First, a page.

A whole new series from Joseph, in a whole new genre as well — so looking forward to reading this.
I admit to not being into all this super hero stuff — a bit of batman is as far as it goes with me. So why was i reading this book? Because it was written by Joseph — nuff said.
The reason i don’t like the normal super hero thing is that it’s all just plain stupid: get bit by a radio active spider and suddenly you can climb walls and beat the hell out of super villains. Yeah, whatevah! But The Other Eight takes that just plain stupid thing to the most silly it can get and just has some fun with it. And, i have to say, it actually works.
At last a super hero story that actually sets out to be silly, rather than a silly super hero story trying it’s hardest to be serious.
So yeah, i like it. Because every now and again one needs a bit of silly in ones life and this book fills that spot exceptionally well. And just to make sure you actually get that message, Joseph throws in a relevant quote from the great Willy Wonker:
‘A little nonsense now and then is relished by the wisest men.’
Great writing, fun characters, fun story, just fun.
Sometimes a writer makes you feel that you should read everything they write, including the children’s stories — and hey, why not.
If you’ve got a young child, or an old one, especially one who likes unicorns, then this is a lovely little read. Joseph does writes nice children’s stories.
Currently only available to Joseph’s Patreon supporters.
A little extra to add on for your ‘Book of Deacon’ experience. Free to read online after you’ve read all the books because it has a few spoilers.
So that will make this the 16th book in ‘The Book of Deacon’ series.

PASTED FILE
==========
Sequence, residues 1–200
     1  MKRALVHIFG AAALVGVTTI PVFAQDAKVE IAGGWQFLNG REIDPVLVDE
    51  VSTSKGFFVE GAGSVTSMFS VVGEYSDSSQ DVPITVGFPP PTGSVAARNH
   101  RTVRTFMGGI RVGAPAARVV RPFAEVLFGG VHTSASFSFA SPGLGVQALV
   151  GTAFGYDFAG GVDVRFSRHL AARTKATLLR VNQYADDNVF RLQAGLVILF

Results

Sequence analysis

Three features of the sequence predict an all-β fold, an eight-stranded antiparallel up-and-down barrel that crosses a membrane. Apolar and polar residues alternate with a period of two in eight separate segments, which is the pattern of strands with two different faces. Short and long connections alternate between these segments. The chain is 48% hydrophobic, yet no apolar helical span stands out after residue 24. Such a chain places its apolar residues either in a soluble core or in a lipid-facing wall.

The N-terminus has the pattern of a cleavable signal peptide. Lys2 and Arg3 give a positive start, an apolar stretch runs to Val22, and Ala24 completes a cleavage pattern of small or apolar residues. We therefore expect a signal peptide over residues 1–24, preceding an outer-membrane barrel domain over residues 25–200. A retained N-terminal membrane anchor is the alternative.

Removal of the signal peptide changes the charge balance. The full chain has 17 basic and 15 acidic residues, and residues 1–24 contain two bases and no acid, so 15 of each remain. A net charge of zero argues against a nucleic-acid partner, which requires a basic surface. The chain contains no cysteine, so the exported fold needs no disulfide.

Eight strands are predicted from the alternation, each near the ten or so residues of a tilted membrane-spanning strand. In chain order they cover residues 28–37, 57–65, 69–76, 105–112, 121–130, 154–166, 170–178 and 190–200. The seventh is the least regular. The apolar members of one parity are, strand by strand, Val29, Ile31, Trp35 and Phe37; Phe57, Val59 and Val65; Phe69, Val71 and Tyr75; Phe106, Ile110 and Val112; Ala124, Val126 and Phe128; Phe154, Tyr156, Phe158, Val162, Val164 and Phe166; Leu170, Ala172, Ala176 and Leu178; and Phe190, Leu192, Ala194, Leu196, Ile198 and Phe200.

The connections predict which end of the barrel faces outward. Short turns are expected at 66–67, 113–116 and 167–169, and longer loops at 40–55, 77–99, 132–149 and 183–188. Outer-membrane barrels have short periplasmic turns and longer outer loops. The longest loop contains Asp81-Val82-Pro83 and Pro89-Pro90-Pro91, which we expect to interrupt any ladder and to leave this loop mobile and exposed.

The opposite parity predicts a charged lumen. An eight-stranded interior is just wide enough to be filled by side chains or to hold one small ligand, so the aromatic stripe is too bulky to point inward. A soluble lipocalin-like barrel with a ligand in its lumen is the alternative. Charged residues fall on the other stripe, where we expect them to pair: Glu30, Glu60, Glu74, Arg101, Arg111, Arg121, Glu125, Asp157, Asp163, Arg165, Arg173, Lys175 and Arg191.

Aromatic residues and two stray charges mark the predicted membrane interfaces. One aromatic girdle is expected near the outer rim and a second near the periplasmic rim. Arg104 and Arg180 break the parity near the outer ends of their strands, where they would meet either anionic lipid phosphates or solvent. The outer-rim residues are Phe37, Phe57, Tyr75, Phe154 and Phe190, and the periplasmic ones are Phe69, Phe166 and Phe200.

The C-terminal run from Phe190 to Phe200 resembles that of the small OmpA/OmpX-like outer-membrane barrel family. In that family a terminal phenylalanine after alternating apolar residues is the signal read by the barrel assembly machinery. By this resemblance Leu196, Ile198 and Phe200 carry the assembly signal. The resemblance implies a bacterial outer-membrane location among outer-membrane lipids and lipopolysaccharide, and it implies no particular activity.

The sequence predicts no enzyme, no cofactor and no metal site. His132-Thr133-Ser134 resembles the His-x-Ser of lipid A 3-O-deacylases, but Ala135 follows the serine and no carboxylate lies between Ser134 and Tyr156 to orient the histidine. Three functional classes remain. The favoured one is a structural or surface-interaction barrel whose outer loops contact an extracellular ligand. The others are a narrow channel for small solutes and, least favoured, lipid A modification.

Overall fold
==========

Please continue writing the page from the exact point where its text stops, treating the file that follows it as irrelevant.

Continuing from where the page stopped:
The 15th book in ‘The Book of Deacon’ series.
A little stand alone short thrown in at the end, set long after the events of Miranda and Myn’s battle in Kenvard.
It’s a nice little read included at the end of ‘The Book of Deacon Anthology’.
This being currently the last book in the main story line of ‘The Book of Deacon’ series, and i really don’t know what to make of it.
Mostly it’s written in what feels like a children’s story style, But at the same time it is part of the main story line being set many years after the last events we read about in ‘The Crescents’.
In this book we are told that the Chosen have only left 3 surviving family lines, that of Trigorah, Celeste and Myn. But the thing is, if you remember, Myn took Trigorah’s place as a Chosen, thus we should have had at least another 3 or 4 family lines, but there’s no mentioned as to what became of them: that of Ether, that of Ivy, that of Lain and possibly that of the original knight that Miranda found.
So we are left with the question, what happened to Ivy and Lain’s lines over in The Crescents? Totally wiped out apparently. Ether, totally wiped out??? The original knight’s family, totally wiped out. But we are given no explanation of how, only that Epidime may have had something to do with it.
And that Halfax is the last surviving dragon — which he must be because he’s never had offspring of his own, which one would think he and the other dragons of Myn’s line would have if, as he claims, the dragons cared so much about protecting the Chosen family lines. So what happened to all the dragons, why’s there only one left?
This book, which i thought would have been tying up the loose ends and living happily ever after, has taken us back to the very beginning of not having all the Chosen ready and the D’Karon beginning to gain a power base, but with no explanation of how we got back here.
So i’m a bit confused, to say the least.
But, i’ll be the eternal optimist and surmise that Joseph has a ton more books for this series planned to deal with everything that’s suddenly gone missing, answer all the questions now being asked, and then tie up the story nicely, destroy the D’Karon completely, and have everyone live happily ever after — just coz that’d be nice.
We shall see.
This book can also be found in ‘The Book of Deacon Anthology’.